…near Delhi. The smog here was so thick, drivers couldn’t see where they were going. At least 24 vehicles were damaged as drivers kept crashing into the pileup. These conditions happen every year, when Delhi experiences a huge spike in air pollution. “Are we breathing poison in Delhi?” “…every two minutes one person dies due
to air pollution in this country.” “I get nauseous. I get dizzy.” When it hits, the nearly 30 million people here are forced to live in a toxic cloud. Scientists estimate that spending a day outside in these conditions is like smoking 50 cigarettes. “As a lung surgeon, when I open the chest I rarely see a normal pink lung these days.” On the ground, a layer of dust covers the
entire city, and, in the air, a thick layer of pollution hides landmarks that are easy to see the rest of the year. Delhi has always been a big, busy, polluted city. But in the last decade something is making it even worse. In the last 10 years, Delhi’s population has grown by more than 7 million people. Today it’s the second-largest city in the world and it’s also among the most polluted. More people means more cars, spreading dust and exhaust into the air. As Delhi grows, there’s also more construction, producing dust particles. And more industries, contaminating the environment. All these things make  the average air quality in Delhi unhealthy year-round. But something else is happening right here, when air pollution in Delhi spikes in October and November. It sends air pollution levels to fifty times what’s considered safe. “Levels go haywire. Many of the machines are not made to measure the levels that we achieve.” The smog is so bad , you can see it from space. But this cloud of pollution isn’t actually coming from Delhi. It’s coming from here. The states of Punjab and Haryana are known as “India’s Breadbasket.” They’re a key region for the country’s agriculture. Farmers here grow rice and that requires large amounts of water. In the 2000s, rice farming here took off, and farmers in the area started using so much water, that the region’s groundwater started running low. So, to save water, authorities passed a new act in 2009. It bans rice planting before mid-June. That means farmers can’t plant rice until right before the monsoon season, when rains come to replenish the groundwater. That pushes rice harvesting later into the year, which means farmers have less time to get their fields ready for their next crop. So, to clear their fields more quickly, more and more farmers have started setting their crop stubble on fire. Every year, all those stubble fires form a massive cloud of smoke during October and November. And it heads straight for Delhi. There are two reasons why smoke in this region makes things worse in Delhi. The first is geography. The Himalayan mountains act like a kind of barrier, directing the smoke towards Delhi. The second is the weather. During the winter, cold mountain air rushes down from the Himalayas towards Delhi, arriving beneath a layer of warm lowland air that creates a kind of dome over the city. The warm air keeps pollution trapped on the ground with nowhere to go. So when the stubble fire smoke arrives in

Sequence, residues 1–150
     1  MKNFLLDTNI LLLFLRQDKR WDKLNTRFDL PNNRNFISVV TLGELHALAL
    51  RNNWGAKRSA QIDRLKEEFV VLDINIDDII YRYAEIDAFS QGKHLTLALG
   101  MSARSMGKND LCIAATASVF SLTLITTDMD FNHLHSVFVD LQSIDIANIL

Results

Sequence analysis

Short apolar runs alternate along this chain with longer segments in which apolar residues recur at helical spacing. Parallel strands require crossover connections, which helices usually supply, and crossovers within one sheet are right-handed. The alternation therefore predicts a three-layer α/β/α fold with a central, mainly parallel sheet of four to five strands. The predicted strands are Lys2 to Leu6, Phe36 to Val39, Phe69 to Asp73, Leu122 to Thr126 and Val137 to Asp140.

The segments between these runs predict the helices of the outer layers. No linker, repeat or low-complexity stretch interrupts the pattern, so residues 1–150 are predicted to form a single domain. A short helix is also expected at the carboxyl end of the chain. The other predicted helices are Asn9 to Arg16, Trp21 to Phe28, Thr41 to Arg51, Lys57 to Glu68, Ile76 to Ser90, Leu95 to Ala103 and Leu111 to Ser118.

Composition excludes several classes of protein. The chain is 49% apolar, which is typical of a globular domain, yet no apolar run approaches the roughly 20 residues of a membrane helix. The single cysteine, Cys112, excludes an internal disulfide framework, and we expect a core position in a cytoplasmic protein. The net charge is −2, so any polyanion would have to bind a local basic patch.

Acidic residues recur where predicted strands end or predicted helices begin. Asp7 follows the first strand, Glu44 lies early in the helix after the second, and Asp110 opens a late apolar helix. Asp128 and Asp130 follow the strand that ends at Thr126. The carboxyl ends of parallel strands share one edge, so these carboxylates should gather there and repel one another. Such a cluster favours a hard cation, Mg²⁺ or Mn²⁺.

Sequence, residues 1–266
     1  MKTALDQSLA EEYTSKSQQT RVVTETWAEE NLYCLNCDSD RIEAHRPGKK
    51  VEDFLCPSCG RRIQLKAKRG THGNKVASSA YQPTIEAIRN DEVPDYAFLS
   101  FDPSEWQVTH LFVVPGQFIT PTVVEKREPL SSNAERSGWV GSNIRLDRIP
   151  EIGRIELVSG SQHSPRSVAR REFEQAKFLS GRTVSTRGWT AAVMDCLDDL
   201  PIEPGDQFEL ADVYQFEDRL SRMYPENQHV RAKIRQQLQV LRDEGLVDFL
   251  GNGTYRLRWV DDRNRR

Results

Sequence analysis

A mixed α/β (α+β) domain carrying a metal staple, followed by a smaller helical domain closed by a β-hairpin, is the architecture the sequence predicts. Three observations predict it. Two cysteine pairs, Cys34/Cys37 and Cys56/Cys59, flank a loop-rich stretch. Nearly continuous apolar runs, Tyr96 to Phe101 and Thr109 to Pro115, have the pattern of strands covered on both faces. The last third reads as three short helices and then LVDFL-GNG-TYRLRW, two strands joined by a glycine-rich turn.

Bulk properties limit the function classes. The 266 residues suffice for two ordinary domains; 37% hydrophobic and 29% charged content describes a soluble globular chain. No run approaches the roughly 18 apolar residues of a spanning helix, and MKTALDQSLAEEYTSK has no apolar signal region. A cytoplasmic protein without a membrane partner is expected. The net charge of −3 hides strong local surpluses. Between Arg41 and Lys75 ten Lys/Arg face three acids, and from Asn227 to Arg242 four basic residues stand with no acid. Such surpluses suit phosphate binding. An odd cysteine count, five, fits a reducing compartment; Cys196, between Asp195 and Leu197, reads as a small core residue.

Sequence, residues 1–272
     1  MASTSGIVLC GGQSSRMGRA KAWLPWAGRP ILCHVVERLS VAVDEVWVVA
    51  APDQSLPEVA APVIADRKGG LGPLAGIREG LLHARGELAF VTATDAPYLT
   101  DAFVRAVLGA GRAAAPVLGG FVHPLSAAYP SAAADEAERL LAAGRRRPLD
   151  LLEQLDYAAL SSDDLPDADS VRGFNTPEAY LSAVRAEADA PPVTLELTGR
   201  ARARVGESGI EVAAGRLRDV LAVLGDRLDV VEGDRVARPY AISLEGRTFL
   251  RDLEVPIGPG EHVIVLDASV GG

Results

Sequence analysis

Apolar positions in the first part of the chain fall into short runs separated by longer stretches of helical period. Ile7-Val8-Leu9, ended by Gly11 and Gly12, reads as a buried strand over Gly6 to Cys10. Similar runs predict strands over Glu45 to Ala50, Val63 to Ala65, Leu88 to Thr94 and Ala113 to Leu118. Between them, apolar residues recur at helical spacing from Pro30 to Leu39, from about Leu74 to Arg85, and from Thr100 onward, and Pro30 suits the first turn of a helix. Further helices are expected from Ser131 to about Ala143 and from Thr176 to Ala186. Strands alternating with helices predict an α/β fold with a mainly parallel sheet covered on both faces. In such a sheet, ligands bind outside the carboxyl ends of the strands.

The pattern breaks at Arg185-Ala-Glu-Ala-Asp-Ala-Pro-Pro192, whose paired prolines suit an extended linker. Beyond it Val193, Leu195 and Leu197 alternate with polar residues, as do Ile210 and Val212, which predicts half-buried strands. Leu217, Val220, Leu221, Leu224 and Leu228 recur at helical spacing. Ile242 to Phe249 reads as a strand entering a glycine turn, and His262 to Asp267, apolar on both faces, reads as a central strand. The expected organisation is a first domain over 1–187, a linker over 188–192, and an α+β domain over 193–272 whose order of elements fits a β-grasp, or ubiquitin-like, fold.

Delhi, it mixes with the urban pollution forming a toxic smog that sits on top of the city. Mix all that together and you have the most hazardous air pollution of almost anywhere. In November of 2019, India’s Supreme Court ruled that states in the North had to stop farmers from burning their crop stubble. But so far, the ruling hasn’t been enforced on the ground. In the weeks after the ruling, tens of thousands of crop fires continued to burn in Punjab and Haryana. Delhi doesn’t have the ability to stop crop burning in neighboring states. Instead, when pollution spikes in October and November, city officials change the things they can control: Sometimes they’ll halt all construction in the city. Or put restrictions on vehicle use. Still, until India’s ban on crop stubble
burning is actually enforced, these spikes will be back every year,. Making the city’s already dangerous pollution even worse and putting the lives of millions at risk. “Here we are taking baby steps, but we are in a time period where baby steps won’t help anymore.” “What we breathe should be fresh air.”